Sierra West is the latest talented queer lady to hit the music scene hard. West released her latest LP, “Hold Your Fire” in early September. Her sound is soothing, with an edge and her lyrics are sprinkled with metaphors referencing nature. West turned to music after the sudden loss of her brother to a drunk driver and her pain, love and hope is reflected in her sound. The openly lesbian animal lover chatted with me about music, break-ups, U-hauls and animals. What more could you want in a gay lady interview?!
Hot Femme: When did you discover your passion for music?
Sierra West: I’ve always loved living and creating music. I suppose it became my passion in high school after a difficult break-up. However, it became my career focus at UVM in Chittenden Hall when my new friend Dawn made me play in the hallway for all the girls on our floor. I never had so much fun. I later became one of the first performers at Radio Bean (Burlington, VT), which was quite a change from secretly playing and writing in my room at home. I have been playing out ever since. I will always be a writer and musician, perhaps I always was.
HF: What was your first song about?
SW: My Aunt Joanie secretly taped me singing in my room when I was around the age of 5. She mailed me the tape for my 18th birthday and one song was about my best friend Brooke, her older sister, and gymnastics. It’s pretty funny. I wrote other songs in 8th grade that were more environmental. I remember submitting to a magazine as a school assignment in which Jackson Browne would cover the song if it won. Mine was not chosen, but it was about saving dolphins and I bet it made someone smile.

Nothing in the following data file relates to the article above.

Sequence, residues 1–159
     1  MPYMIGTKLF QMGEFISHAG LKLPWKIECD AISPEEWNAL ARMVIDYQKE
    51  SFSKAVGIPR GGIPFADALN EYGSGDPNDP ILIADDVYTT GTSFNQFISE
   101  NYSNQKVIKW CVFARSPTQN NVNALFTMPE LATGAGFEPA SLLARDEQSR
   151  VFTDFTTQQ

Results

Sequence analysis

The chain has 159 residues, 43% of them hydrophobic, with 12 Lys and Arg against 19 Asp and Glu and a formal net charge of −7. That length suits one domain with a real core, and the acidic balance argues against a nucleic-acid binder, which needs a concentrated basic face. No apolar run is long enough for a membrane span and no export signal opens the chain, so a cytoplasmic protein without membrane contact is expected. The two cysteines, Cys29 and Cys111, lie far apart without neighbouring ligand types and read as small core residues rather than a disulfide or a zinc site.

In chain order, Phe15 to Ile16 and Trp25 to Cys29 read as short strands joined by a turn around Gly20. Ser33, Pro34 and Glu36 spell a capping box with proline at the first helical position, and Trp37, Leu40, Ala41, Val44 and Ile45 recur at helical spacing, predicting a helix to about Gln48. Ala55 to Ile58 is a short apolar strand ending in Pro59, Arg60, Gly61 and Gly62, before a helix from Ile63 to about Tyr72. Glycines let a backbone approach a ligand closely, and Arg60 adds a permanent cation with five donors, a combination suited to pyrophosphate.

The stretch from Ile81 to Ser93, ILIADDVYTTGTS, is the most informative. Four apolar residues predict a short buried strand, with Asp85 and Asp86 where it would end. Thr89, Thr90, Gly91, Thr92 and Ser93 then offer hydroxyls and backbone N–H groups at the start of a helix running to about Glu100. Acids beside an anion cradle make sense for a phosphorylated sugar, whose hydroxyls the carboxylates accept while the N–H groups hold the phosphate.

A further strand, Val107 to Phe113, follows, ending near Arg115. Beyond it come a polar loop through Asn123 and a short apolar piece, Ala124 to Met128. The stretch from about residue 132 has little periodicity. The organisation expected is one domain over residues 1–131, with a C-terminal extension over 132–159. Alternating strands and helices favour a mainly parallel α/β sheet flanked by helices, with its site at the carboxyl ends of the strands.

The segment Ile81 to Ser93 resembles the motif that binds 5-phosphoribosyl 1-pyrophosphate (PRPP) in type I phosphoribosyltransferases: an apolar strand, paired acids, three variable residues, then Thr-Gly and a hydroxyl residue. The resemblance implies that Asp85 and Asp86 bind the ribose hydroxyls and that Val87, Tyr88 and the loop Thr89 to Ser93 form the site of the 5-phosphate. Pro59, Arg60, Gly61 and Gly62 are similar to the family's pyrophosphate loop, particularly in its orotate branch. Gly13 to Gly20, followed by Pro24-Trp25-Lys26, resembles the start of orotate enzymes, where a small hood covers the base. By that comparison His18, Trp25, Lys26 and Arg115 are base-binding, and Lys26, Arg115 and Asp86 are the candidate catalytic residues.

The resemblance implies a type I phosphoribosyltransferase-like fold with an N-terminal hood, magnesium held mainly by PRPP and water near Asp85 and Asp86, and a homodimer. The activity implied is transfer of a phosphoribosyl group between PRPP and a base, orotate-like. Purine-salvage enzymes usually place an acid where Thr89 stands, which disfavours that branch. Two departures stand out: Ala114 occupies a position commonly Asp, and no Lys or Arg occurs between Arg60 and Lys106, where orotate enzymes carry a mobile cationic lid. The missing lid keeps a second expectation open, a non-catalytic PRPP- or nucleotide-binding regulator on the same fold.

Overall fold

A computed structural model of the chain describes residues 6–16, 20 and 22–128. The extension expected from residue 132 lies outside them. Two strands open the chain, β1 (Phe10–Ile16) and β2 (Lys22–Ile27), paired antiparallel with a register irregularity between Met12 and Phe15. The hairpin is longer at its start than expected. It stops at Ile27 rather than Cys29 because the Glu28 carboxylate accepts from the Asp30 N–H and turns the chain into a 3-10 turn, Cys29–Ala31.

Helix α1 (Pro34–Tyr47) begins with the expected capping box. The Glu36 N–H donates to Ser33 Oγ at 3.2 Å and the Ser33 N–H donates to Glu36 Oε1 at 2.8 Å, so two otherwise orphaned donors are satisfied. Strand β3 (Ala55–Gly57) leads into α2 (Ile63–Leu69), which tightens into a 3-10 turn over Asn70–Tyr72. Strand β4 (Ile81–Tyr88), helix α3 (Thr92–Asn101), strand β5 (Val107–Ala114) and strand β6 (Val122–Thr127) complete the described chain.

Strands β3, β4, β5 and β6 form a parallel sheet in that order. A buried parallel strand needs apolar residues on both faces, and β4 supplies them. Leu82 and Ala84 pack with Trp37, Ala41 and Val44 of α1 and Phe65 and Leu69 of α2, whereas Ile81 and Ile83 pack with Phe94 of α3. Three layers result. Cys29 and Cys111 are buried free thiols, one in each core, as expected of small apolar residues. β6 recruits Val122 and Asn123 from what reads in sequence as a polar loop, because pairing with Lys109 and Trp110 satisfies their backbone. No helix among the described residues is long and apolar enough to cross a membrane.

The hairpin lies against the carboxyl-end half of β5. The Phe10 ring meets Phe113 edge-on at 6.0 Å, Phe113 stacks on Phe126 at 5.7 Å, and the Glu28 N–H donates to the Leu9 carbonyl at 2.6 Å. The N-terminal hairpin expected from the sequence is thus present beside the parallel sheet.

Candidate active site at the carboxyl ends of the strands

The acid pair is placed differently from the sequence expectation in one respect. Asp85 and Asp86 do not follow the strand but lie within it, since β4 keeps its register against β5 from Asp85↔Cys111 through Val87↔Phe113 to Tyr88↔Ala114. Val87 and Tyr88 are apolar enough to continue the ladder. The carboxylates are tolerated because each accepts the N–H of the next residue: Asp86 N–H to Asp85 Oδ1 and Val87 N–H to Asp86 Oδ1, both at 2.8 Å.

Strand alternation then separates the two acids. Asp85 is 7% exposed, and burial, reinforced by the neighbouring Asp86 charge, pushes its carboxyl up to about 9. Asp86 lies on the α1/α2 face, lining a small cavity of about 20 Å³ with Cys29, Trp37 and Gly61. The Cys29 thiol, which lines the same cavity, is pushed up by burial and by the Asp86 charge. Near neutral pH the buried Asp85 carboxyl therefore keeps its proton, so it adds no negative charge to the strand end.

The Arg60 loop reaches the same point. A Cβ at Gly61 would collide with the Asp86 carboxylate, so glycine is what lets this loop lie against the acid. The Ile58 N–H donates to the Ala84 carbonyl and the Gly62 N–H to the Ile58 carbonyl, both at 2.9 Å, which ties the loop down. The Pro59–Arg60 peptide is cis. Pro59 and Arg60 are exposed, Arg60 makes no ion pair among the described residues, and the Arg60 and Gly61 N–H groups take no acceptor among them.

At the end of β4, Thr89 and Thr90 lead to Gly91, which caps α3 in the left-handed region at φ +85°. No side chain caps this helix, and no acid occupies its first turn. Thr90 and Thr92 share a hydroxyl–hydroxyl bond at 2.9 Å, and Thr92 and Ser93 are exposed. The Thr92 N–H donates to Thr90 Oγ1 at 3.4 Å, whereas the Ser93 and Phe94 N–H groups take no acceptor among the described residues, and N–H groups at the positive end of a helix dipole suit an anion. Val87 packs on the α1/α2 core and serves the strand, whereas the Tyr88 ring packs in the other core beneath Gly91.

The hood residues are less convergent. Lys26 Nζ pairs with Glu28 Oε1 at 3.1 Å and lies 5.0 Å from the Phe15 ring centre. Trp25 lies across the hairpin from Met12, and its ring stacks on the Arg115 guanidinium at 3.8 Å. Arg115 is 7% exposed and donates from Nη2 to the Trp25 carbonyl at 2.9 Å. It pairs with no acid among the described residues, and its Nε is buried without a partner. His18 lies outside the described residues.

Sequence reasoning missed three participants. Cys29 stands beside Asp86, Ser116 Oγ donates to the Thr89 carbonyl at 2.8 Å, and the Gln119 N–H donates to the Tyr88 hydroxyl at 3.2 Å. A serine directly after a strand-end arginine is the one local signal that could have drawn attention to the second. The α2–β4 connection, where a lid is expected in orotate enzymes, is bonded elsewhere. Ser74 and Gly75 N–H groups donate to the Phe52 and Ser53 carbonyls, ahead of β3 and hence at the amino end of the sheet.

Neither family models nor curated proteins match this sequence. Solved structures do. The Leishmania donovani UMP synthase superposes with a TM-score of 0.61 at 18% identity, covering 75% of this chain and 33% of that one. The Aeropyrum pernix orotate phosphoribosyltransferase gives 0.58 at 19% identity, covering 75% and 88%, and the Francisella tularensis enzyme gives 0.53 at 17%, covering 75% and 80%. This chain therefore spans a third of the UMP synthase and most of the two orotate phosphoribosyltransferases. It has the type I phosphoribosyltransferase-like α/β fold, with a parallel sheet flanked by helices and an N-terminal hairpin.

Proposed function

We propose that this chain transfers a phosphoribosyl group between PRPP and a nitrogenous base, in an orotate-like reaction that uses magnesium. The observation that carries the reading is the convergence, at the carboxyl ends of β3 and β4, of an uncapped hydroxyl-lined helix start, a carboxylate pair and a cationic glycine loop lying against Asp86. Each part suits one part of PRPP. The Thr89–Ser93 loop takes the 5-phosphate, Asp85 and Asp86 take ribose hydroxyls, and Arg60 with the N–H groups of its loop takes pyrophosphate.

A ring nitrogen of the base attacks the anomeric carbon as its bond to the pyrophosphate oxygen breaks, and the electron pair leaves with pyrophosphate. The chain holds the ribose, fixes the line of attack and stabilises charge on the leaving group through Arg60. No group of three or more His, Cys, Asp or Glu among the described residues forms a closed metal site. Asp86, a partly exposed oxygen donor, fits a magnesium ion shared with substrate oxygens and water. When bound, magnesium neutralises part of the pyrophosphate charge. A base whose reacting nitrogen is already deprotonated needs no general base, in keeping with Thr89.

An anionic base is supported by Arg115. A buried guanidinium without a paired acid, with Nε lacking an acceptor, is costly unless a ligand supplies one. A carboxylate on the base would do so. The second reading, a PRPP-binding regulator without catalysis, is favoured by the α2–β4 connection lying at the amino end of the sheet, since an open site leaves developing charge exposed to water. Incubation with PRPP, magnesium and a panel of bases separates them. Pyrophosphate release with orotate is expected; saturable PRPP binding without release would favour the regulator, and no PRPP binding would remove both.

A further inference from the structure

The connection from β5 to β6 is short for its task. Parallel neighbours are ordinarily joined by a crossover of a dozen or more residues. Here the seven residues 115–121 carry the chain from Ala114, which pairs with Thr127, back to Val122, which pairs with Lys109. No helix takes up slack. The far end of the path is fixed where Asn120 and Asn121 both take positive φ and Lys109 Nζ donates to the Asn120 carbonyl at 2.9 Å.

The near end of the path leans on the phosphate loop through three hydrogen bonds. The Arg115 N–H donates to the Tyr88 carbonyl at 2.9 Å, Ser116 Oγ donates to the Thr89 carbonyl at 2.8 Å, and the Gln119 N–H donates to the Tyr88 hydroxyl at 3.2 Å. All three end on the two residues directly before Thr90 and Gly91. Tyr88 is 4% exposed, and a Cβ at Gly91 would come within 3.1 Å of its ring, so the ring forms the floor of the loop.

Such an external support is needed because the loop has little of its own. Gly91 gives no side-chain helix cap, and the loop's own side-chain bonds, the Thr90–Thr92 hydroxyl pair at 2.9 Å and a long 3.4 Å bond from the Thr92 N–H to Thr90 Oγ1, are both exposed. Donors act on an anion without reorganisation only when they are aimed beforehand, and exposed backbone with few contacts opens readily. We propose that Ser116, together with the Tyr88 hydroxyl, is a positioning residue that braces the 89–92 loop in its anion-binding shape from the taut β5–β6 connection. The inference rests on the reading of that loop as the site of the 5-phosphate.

HF: You’ve mentioned that Joan Baez and Bob Dylan are two of your most important musical influences, what is it about their music that you relate too?
SW: I really connect with the raw content, the lyrics, and the history behind the stories. They are the artists who opened my eyes to folk music. Actually, Ani DiFranco made me aware of folk artists like Woody Guthrie and Utah Phillips much along the same path. They were creating a movement, a community, a way of living. They didn’t just write songs, they changed lives…and still do.
HF: You’re here and queer; has that had any impact on your music?
SW: Absolutely, it keeps it interesting. In fact, I have performed at several Dyke March Fundraisers and opened for a few drag shows. One more recently in Northampton, MA called “Suicide is a Drag” for the Mass Coalition for Suicide Prevention. Being “here and queer” requires combating a lot of hatred, fear, and loneliness. It is important to be open and help other people feel supported and less alone.
HF: You’re a super huge animal lover, working as a vet tech and donating regularly to animal shelters….which is pretty par for the course for lesbians. Why do you think we all love animals so much?
SW: I actually never correlated the two together aside from knowing how much Ellen DeGeneres supports animal causes, but now that you ask I can see why. I wanted to be a veterinarian since I was four years old, but I didn’t realize I was queer until my senior year in high school. I can’t speak for everyone, but I imagine it is because animals usually don’t judge people or discriminate against them. They love unconditionally. Judgment comes with a history of abuse or trauma. I think it is our duty to speak for them and help calm their fear. We practice compassion and forgiveness because we are challenged on a daily basis. We combat fear every day.